18. 18. 20 Placement logs ● 2022-11-09 10:03:15.070 25 INFO placement.requestlog [req-6e970f73-e493-4418-ad9c-25b7ff34ba57 ba26e9e5beaa41018db4a3e00c6e7ef9 9abdc13c709a42949a985af187d64a4b - default default] 10.XX.XX.XX "GET /resource_providers/480ccd47-c2c0-4a49-8972-b1486598f6e9/allocations" status: 200 len: 575 microversion: 1.0 ● 2022-11-09 10:03:15.097 24 INFO placement.requestlog [req-d1118868-c205-4b38-8567-eb1c7db17811 ba26e9e5beaa41018db4a3e00c6e7ef9 9abdc13c709a42949a985af187d64a4b - default default] 10.XX.XX.XX "GET /resource_providers?in_tree=480ccd47-c2c0-4a49-8972-b1486598f6e9" status: 200 len: 817 microversion: 1.14 ● 2022-11-09 10:03:15.123 22 INFO placement.requestlog [req-e77ad21e-ead7-4b5e-9e03-b3350b188234 ba26e9e5beaa41018db4a3e00c6e7ef9 9abdc13c709a42949a985af187d64a4b - default default] 10.XX.XX.XX "GET /resource_providers/480ccd47-c2c0-4a49-8972-b1486598f6e9/inventories" status: 200 len: 410 microversion: 1.0 ● 2022-11-09 10:03:15.143 23 INFO placement.requestlog [req-7e8f0090-69f7-4b5c-b63d-6d8aeffa6312 ba26e9e5beaa41018db4a3e00c6e7ef9 9abdc13c709a42949a985af187d64a4b - default default] 10.XX.XX.XX "GET /resource_providers/480ccd47-c2c0-4a49-8972-b1486598f6e9/aggregates" status: 200 len: 54 microversion: 1.19 ● 2022-11-09 10:03:15.178 21 INFO placement.requestlog [req-416b2d05-eebc-4fac-b75d-10c02c7df252 ba26e9e5beaa41018db4a3e00c6e7ef9 9abdc13c709a42949a985af187d64a4b - default default] 10.XX.XX.XX "GET /resource_providers/480ccd47-c2c0-4a49-8972-b1486598f6e9/traits" status: 200 len: 1593 microversion: 1.6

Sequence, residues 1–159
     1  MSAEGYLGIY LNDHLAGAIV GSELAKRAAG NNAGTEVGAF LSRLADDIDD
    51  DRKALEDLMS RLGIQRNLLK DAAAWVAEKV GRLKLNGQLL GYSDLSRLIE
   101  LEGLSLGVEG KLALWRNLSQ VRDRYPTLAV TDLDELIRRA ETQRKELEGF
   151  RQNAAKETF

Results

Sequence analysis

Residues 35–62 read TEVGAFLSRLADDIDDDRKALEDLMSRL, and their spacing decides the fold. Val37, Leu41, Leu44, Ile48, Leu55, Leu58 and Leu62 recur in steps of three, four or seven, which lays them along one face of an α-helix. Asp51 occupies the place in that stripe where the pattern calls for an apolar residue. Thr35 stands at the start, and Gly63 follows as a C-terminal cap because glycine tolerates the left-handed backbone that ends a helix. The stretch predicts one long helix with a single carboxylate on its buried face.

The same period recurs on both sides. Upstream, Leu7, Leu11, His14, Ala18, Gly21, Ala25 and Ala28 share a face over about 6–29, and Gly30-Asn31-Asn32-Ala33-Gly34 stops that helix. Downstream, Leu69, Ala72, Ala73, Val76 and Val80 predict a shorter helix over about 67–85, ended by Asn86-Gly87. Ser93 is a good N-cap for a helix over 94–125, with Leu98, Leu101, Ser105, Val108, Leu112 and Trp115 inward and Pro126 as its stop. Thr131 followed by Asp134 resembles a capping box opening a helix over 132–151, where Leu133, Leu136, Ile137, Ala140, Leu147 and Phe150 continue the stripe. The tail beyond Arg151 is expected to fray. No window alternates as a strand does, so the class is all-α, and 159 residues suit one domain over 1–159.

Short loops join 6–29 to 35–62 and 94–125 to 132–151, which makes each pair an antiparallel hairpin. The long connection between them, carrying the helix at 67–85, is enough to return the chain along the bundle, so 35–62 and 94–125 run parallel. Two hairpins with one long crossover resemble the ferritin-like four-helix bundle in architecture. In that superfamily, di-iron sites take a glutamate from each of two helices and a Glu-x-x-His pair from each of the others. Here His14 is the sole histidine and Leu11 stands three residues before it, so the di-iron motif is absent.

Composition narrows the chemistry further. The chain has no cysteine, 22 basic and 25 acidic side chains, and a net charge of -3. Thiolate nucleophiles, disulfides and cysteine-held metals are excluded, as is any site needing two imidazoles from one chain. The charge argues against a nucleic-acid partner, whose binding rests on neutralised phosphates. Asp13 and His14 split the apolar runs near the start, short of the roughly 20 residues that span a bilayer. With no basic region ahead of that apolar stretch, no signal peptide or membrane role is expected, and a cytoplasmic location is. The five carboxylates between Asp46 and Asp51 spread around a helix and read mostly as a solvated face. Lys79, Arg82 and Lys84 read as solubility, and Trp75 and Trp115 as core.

19. 19. 21 Placement logs ● 2022-11-09 10:03:15.070 25 INFO placement.requestlog [req-6e970f73-e493-4418-ad9c-25b7ff34ba57 ba26e9e5beaa41018db4a3e00c6e7ef9 9abdc13c709a42949a985af187d64a4b - default default] 10.XX.XX.XX "GET /resource_providers/480ccd47-c2c0-4a49- 8972-b1486598f6e9/allocations" status: 200 len: 575 microversion: 1.0
  20. 20. 22 Log components ● Time: 2022-11-09 10:03:15.070 ● Loglevel: INFO ● Origin: 10.XX.XX.XX ● HTTP Method: GET ● URL: /resource_providers/480ccd47-c2c0-4a49-8972- b1486598f6e9/allocations ● HTTP Status: “status: 200”
  21. 21. 23 Tracing ● Request ID: req-6e970f73-e493-4418-ad9c-25b7ff34ba57 ● Other Identifiers: – Ba26e9e5beaa41018db4a3e00c6e7ef9 – 9abdc13c709a42949a985af187d64a4b ● Random data: default default
  22. 22. 24 Difficulties ● Slow Interface / API ● Performance inconsistencies in VM ● Bad I/O
  23. 23. 25 Slow Interface / API ● Long loading times ● Sometimes timeouts
  24. 24. 26 Slow Interface / API ● Why is this happening? ● How do we resolve this?
  25. 25. 27 Slow Interface / API ● Understanding how the Services work ● Which way do requests take?
  26. 26. 28 Slow Interface / API
  27. 27. 29 Slow Interface / API
  28. 28. 30 Slow Interface / API ● Why is this happening? – Too many connections via HAProxy ● A single request can generate up to 500-2000 internal requests ● How do we resolve this? – Use HAProxy only for incomming requests – Remove HAProxy completely
  29. 29. 31 Slow Interface / API ● Use HAProxy only for incomming requests – Minimal impact – Easy to configure ● Remove HAProxy completely – Loss of high availability – One less service to worry about